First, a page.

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We Wouldn’t Rely On Dynamic Electronics’s (TPE:6251) Statutory Earnings As A Guide – Simply Wall St


As a general rule, we think profitable companies are less risky than companies that lose money. Having said that, sometimes statutory profit levels are not a good guide to ongoing profitability, because some short term one-off factor has impacted profit levels. Today we’ll focus on whether this year’s statutory profits are a good guide to understanding Dynamic Electronics (TPE:6251).

While Dynamic Electronics was able to generate revenue of NT$13.2b in the last twelve months, we think its profit result of NT$830.4m was more important.

View our latest analysis for Dynamic Electronics

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TSEC:6251 Earnings and Revenue History October 24th 2020

Importantly, statutory profits are not always the best tool for understanding a company’s true earnings power, so it’s well worth examining profits in a little more detail. This article will focus on the impact unusual items have had on Dynamic Electronics’ statutory earnings. Note: we always recommend investors check balance sheet strength. Click here to be taken to our balance sheet analysis of Dynamic Electronics.

The Impact Of Unusual Items On Profit

To properly understand Dynamic Electronics’ profit results, we need to consider the NT$256m gain attributed to unusual items. We can’t deny that higher profits generally leave us optimistic, but we’d prefer it if the profit were to be sustainable. When we analysed the vast majority of listed companies worldwide, we found that significant unusual items are often not repeated. Which is hardly surprising, given the name. Dynamic Electronics had a rather significant contribution from unusual items relative to its profit to June 2020. All else being equal, this would likely have the effect of making the statutory profit a poor guide to underlying earnings power.

Our Take On Dynamic Electronics’ Profit Performance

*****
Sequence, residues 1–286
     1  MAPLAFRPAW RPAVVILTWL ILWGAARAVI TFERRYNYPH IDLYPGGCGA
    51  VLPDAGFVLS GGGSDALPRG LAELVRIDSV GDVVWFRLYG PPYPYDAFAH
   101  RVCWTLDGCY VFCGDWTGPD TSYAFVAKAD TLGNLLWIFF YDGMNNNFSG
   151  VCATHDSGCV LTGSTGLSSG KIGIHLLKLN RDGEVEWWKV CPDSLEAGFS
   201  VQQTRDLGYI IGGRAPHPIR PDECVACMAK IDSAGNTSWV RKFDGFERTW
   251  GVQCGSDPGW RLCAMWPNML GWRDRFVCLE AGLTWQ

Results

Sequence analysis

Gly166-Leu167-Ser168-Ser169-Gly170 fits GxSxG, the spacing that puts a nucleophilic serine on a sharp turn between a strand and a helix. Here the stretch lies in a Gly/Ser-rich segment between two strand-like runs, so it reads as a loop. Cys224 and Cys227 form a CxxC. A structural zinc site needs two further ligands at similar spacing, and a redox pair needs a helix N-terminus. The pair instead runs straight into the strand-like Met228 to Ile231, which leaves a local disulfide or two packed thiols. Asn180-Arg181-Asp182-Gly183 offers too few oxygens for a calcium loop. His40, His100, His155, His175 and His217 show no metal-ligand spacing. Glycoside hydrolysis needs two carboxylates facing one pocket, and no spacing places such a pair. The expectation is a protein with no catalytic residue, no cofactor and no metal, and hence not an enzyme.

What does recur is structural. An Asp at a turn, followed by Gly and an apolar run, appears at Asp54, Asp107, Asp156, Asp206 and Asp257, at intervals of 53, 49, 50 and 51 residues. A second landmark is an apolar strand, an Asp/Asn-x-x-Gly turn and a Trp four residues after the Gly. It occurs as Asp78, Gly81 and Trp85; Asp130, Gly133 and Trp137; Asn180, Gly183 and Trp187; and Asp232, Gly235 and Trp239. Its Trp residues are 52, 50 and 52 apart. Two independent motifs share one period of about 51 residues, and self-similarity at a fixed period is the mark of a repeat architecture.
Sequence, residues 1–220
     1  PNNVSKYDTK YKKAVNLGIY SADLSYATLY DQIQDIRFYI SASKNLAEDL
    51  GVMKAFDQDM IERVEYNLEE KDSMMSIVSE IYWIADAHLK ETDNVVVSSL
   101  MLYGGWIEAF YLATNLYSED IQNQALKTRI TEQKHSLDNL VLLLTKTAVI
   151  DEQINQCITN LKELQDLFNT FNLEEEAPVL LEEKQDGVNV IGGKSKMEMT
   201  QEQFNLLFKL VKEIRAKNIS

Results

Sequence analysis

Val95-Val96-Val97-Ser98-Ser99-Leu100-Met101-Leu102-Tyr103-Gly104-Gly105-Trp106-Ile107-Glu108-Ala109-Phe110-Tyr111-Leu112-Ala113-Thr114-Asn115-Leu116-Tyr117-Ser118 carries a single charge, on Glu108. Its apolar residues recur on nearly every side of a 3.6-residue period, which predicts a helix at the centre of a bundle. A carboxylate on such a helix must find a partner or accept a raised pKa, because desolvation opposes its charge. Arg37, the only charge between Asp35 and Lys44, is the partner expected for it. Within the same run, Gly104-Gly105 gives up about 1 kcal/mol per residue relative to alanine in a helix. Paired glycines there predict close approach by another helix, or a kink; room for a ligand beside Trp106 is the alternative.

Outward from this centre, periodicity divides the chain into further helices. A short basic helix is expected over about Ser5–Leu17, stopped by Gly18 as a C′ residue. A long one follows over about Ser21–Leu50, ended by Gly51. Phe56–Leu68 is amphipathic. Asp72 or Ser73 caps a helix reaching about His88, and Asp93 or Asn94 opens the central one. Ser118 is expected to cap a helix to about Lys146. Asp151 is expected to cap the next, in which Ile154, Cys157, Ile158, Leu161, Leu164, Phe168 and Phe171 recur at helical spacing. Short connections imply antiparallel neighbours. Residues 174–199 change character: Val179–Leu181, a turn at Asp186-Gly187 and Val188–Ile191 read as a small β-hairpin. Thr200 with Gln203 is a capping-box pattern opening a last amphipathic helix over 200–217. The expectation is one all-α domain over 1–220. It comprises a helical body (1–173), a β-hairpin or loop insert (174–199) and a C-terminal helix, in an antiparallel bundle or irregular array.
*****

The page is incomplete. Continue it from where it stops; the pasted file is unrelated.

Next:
As previously mentioned, Dynamic Electronics’ large boost from unusual items won’t be there indefinitely, so its statutory earnings are probably a poor guide to its underlying profitability. For this reason, we think that Dynamic Electronics’ statutory profits may be a bad guide to its underlying earnings power, and might give investors an overly positive impression of the company. But the happy news is that, while acknowledging we have to look beyond the statutory numbers, those numbers are still improving, with EPS growing at a very high rate over the last year. Of course, we’ve only just scratched the surface when it comes to analysing its earnings; one could also consider margins, forecast growth, and return on investment, among other factors. So while earnings quality is important, it’s equally important to consider the risks facing Dynamic Electronics at this point in time. For example – Dynamic Electronics has 2 warning signs we think you should be aware of.

Today we’ve zoomed in on a single data point to better understand the nature of Dynamic Electronics’ profit. But there are plenty of other ways to inform your opinion of a company. Some people consider a high return on equity to be a good sign of a quality business. While it might take a little research on your behalf, you may find this free collection of companies boasting high return on equity, or this list of stocks that insiders are buying to be useful.

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This article by Simply Wall St is general in nature. It does not constitute a recommendation to buy or sell any stock, and does not take account of your objectives, or your financial situation. We aim to bring you long-term focused analysis driven by fundamental data. Note that our analysis may not factor in the latest price-sensitive company announcements or qualitative material. Simply Wall St has no position in any stocks mentioned.
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Have feedback on this article? Concerned about the content? Get in touch with us directly. Alternatively, email editorial-team@simplywallst.com.

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